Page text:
The clinical presentation of patients with congenital hypofibrinogenaemia is heterogeneous. It varies from asymptomatic, to moderate bleeding (for example, umbilical cord bleeding at birth, cutaneous bleeding, gastrointestinal bleeding, increased tendency for epistaxis and menorrhagia in women) to catastrophic life-threatening bleeds (such as intracerebral bleeding). This disorder can also be responsible for venous thrombotic events, albeit a rare cause, as described in case series reports, and is usually associated with epidemiological risk factors such as smoking, hypertension, obesity and the use of oral contraceptives[2,5].
Diagnosis of hypofibrinogenemia is suggested when coagulation tests that depend on fibrin formation, Prothrombin Time (PT), activated partial thromboplastin time (aPTT) and Thrombin Time (TT) are prolonged. The extent to which these results are prolonged vary according to the level of functional fibrinogen present.
Confirmation is established when there is a proportional decrease in both functional and immunoreactive fibrinogen and certainty is given by genetic testing[2,5,6].
Evaluation of liver function, including invasive measurements such as liver biopsy, is necessary in case of suspected hepatic storage disease.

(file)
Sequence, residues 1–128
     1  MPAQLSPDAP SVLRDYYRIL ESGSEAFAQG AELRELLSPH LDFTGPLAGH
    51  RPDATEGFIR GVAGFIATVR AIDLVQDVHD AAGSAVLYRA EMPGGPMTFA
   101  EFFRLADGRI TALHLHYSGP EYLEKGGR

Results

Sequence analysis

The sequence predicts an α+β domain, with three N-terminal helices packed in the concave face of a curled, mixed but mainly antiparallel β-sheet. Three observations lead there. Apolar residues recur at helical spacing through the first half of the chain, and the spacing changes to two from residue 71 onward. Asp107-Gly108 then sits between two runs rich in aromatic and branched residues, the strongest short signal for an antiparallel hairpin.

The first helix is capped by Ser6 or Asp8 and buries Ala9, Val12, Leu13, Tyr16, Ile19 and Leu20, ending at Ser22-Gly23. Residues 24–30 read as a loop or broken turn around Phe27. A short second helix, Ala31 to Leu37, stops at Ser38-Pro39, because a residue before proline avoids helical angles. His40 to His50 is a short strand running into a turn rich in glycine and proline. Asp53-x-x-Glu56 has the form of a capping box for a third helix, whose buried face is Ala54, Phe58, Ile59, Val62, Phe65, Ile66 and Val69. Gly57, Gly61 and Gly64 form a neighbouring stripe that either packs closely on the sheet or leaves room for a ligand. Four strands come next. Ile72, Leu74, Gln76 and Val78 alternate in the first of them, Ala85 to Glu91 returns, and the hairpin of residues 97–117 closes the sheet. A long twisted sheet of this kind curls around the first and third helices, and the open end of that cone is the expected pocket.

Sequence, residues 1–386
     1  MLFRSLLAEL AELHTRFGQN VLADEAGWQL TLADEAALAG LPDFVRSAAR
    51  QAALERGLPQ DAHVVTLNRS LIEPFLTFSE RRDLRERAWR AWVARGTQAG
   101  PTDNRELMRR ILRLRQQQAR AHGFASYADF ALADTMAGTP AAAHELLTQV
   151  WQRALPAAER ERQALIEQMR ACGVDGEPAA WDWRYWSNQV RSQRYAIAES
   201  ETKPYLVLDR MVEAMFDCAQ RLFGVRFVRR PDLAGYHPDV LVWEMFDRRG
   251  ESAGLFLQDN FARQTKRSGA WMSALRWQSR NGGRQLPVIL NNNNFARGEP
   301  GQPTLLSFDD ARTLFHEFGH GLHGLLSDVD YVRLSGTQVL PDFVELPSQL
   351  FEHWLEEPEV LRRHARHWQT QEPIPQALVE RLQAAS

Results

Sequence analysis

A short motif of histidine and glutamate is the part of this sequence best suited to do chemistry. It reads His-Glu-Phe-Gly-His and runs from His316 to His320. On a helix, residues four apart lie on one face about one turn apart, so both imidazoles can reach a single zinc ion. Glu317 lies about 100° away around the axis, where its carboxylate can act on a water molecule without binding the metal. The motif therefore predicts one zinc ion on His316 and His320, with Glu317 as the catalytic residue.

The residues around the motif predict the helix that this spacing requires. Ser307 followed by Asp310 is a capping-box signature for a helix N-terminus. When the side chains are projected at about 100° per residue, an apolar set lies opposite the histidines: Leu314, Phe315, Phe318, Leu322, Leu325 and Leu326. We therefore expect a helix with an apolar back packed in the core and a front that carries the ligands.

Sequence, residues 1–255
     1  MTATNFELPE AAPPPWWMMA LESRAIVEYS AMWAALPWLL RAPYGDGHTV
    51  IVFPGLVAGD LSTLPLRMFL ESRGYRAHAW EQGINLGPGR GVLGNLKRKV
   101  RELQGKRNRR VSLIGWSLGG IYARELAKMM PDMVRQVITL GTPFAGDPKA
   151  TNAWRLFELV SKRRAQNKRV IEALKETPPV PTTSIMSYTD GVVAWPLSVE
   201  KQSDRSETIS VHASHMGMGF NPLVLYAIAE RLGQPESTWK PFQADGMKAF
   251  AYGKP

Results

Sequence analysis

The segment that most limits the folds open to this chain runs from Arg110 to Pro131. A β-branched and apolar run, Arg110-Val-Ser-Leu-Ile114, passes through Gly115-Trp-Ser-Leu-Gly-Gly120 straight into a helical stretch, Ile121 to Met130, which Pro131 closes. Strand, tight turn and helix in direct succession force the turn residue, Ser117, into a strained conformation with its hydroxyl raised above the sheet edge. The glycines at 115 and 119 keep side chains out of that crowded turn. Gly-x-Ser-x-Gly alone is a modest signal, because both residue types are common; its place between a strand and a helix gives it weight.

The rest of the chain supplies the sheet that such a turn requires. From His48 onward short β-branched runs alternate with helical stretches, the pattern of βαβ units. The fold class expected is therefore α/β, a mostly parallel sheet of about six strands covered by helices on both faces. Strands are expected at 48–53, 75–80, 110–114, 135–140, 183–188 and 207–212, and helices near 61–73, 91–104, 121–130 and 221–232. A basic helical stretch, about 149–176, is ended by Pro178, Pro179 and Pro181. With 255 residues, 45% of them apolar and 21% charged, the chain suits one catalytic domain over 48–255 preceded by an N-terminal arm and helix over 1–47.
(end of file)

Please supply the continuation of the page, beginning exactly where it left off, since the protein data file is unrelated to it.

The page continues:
Even though genotype–phenotype correlations are not easy to establish, determination of the molecular defects is important, because not only does this provide confirmation and prenatal diagnosis but it also allows assessment of the inherent risk of thrombotic or haemorrhagic events.
Due to the low prevalence of IFD, there is little information on the pathophysiology or optimal treatment of thrombosis in these patients. Managing congenital fibrinogen disorder patients with thrombosis, as in the presented case, is challenging, since anticoagulant treatment may exacerbate the underlying bleeding risk. When fibrinogen levels are very low or absent, or there is a past medical history of bleeding events, replacement therapy should be employed to prevent life-threatening haemorrhage in specific scenarios, such as surgery or labour/caesarean delivery.
In conclusion, the authors present the case of a young patient with a history of spontaneous bleeding caused by congenital hypofibrinogenaemia due to Fibrinogen Marseilles II mutation and, later, an episode of central venous thrombosis due to deficient protein S activity and use of oral contraceptives. Interestingly, the hereditary nature of this congenital fibrinogen deficiency was shown not only through genetic confirmation but with consistent and similar screening tests performed on the child. Medical management is quite challenging due to the need for in aeternum anticoagulation therapy and the heightened risk of clinically significant haemorrhage that such therapy imposes on an underlying congenital condition with a tendency for bleeding.